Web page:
JammedUp News


Report: 12 migrant deaths recorded in Southern Arizona Desert in 2018

March 10, 2018  |  Posted by: Francesca Falzarano
Report: 12 migrant deaths recorded in Southern Arizona Desert in 2018 Screenshot

Are you in a legal jam? Find a Lawyer, Bail Bondsman or Private Investigator on JammedUp.

A non-profit organization that tracks deaths of immigrants in the southern Arizona desert area of the state reported that 12 were killed this year after crossing over from Mexico.

Authorities located the bodies between January 2nd and February 27th.

The report was released by the Arizona OpenGIS Initiative for Deceased Migrants, which is a collaborative effort involving the Pima County Office of the Medical Examiner, or Pima County OME, and Humane Borders, Inc.

“All of the migrants have not yet been identified as their remains had decomposed by the time they were found. This makes ascertaining the identity of the deceased, where they are from, and the time and cause of death difficult to figure out, Pima County Medical Examiner Dr. Gregory Hess said to Breitbart Texas on Monday.

“We have been experiencing this problem for a long time,” Dr. Hess said. “When the migrants attempt to walk through the desert, there is not much margin for error. If something goes wrong, it can be very dangerous.”

Hess added that his county processes the bodies of roughly 160 migrants annually. He verified the deaths of the 12 so far this year and noted that they are proceeding their efforts to identify them.

“The bodies that are exposed to the elements can decompose quickly,” the medical examiner stated. “In a month, the birds and animals will leave behind skeletal remains.”

Art students are trying to help identify the bodies found in southern Arizona.

A map shows the migrant deaths in southern Arizona in 2018. (Map: Arizona OpenGIS Initiative for Deceased Migrants)

Recently, sculptors from the New York Academy of Art created 3D facial reconstructions of eight men found after they died while illegally crossing the border. The skulls are in the Pima County, Arizona, medical examiner’s office because authorities are still not able to name the victims.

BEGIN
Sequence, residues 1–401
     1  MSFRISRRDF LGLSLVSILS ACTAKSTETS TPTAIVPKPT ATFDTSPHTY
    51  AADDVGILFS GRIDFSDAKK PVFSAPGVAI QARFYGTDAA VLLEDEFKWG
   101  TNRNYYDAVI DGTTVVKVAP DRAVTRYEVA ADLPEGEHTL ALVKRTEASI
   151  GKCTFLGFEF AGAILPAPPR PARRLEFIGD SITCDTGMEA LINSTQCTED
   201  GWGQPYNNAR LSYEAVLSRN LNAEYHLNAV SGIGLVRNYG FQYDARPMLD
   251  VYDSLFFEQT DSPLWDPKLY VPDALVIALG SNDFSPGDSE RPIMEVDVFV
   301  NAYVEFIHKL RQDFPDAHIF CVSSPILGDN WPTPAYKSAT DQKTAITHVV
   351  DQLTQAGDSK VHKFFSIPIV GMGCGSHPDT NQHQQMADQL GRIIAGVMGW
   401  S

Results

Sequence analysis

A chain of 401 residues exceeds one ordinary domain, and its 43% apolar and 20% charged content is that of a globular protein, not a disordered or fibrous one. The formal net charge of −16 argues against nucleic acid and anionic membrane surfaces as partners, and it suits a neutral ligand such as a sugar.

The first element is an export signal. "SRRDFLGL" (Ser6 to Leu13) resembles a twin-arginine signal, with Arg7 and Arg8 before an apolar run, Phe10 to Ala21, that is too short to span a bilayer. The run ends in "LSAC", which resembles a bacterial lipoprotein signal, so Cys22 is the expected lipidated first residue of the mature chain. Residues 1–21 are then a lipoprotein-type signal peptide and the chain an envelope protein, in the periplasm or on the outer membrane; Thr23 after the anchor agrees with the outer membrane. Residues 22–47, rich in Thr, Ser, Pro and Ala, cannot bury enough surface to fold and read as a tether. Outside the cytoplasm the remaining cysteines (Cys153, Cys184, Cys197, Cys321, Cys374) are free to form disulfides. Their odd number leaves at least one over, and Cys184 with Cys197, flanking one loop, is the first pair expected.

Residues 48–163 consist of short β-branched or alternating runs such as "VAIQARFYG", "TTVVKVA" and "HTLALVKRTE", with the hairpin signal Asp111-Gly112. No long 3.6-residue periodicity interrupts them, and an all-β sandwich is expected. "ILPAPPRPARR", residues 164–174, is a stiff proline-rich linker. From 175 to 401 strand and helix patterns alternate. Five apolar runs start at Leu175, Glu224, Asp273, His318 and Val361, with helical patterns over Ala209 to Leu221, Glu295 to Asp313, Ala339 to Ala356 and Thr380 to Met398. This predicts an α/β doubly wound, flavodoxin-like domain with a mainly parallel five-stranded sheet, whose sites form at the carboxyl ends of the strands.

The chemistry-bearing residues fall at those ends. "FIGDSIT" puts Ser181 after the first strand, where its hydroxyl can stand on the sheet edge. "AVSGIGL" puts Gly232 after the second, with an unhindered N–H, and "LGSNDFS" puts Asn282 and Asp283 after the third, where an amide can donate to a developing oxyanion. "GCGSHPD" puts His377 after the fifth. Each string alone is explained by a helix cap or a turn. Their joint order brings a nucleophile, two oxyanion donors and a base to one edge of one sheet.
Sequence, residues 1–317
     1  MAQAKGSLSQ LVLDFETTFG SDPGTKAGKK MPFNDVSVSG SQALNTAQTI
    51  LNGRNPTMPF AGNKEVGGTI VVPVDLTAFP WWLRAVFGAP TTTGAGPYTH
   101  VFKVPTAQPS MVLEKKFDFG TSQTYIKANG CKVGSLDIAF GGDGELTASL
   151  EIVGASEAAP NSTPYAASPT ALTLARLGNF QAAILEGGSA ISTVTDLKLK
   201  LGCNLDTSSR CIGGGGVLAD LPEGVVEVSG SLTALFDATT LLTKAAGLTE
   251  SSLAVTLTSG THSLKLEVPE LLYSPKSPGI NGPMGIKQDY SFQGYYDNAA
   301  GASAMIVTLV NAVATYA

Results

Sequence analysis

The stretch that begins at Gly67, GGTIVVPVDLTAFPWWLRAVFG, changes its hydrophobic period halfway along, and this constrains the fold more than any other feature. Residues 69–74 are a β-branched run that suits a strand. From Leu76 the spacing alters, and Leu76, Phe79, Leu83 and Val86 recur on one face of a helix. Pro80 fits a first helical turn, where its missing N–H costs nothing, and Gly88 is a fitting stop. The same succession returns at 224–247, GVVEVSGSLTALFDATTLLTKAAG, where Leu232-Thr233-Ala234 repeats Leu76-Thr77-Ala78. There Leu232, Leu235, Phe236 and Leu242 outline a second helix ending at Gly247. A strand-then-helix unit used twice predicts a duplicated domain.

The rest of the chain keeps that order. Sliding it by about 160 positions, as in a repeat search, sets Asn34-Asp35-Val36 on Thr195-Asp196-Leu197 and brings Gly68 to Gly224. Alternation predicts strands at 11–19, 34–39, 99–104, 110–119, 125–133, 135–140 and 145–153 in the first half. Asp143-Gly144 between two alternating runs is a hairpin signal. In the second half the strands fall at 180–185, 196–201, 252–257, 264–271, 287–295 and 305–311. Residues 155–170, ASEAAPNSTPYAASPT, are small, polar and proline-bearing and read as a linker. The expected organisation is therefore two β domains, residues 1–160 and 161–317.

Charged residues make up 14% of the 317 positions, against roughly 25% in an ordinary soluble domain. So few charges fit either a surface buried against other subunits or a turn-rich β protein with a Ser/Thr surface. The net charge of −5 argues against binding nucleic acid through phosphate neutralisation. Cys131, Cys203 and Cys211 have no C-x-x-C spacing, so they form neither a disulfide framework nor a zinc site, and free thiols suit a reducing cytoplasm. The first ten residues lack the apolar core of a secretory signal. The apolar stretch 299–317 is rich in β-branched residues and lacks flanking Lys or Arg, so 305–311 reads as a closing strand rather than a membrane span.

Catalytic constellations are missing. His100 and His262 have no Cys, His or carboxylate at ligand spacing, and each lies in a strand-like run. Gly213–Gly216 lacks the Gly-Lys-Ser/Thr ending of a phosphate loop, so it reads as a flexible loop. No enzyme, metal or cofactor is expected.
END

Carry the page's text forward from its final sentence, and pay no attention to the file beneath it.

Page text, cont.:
Along with the sculptures, the students are using 3D technology to create images using information provided by medical examiners, including the predicted height, weight, sex, nationality, and ages of the missing individuals. After the creation of the likeness of the deceased, pictures are taken and are sent to the National Missing and Unidentified Persons System (NamUs).

Border Patrol agents recover roughly 50% of the remains during routine patrols, Hess said. “The remainder are discovered by hunters, hikers, and ATV riders.”

Most of the deaths take place from exposure and lack of water. Hess said they sometimes find evidence of murders caused by gunshot wounds or other trauma. Between the Fiscal Years of 2000 and 2017, a little over 80 migrants were killed from gunshot wounds.

The Pima County Medical Examiner’s Annual Report published in 2016 indicated that the majority of deaths take place between May and September.

When Breitbart Texas inquired about the impact of border security in migrant deaths Dr. Hess seemed to be neutral.

“Time will tell if this push for border security will make a difference,” Hess replied. “Regardless of the administration, the deaths keep coming.”

Pima County Sheriff Mark Napier’s office is also affected by the deaths of migrants and the subsequent finding of their remains.

“Open borders policies are not compassionate public policy,” Sheriff Napier said to Breitbart Texas. “When we encourage illegal border crossing we are creating a human rights tragedy. These migrants are victimized by bandits, human smuggling coyotes, and the harsh elements of this region. Securing the border will prevent deaths and victimization of border crossers,” Napier added. “Securing the border is compassionate public policy.”

Immigrant deaths are not the only way that they are victimized while crossing the border. “I hear from sources that women expect to be sexually assaulted during the crossing process,” the sheriff stated. “They see it as part of the price to pay for admission.”

“We need to talk about border security not only national security but compassionate public policy,” Napier added. “We should discuss ‘the wall’ as an analogous term referring to various aspects of security that include manpower, barriers, technology, other resources.”

Get the latest news from the world of crime